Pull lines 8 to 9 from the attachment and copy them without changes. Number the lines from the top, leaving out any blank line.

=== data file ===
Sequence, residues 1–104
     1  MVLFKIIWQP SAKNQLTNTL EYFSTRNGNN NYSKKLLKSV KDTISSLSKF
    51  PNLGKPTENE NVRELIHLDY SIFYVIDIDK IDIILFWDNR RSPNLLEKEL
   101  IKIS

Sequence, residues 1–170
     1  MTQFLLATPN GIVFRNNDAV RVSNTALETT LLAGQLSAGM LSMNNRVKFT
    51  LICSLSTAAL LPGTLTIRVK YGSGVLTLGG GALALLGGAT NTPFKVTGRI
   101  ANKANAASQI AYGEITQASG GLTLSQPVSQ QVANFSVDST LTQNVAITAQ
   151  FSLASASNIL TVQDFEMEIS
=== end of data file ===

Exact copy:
   101  ANKANAASQI AYGEITQASG GLTLSQPVSQ QVANFSVDST LTQNVAITAQ
   151  FSLASASNIL TVQDFEMEIS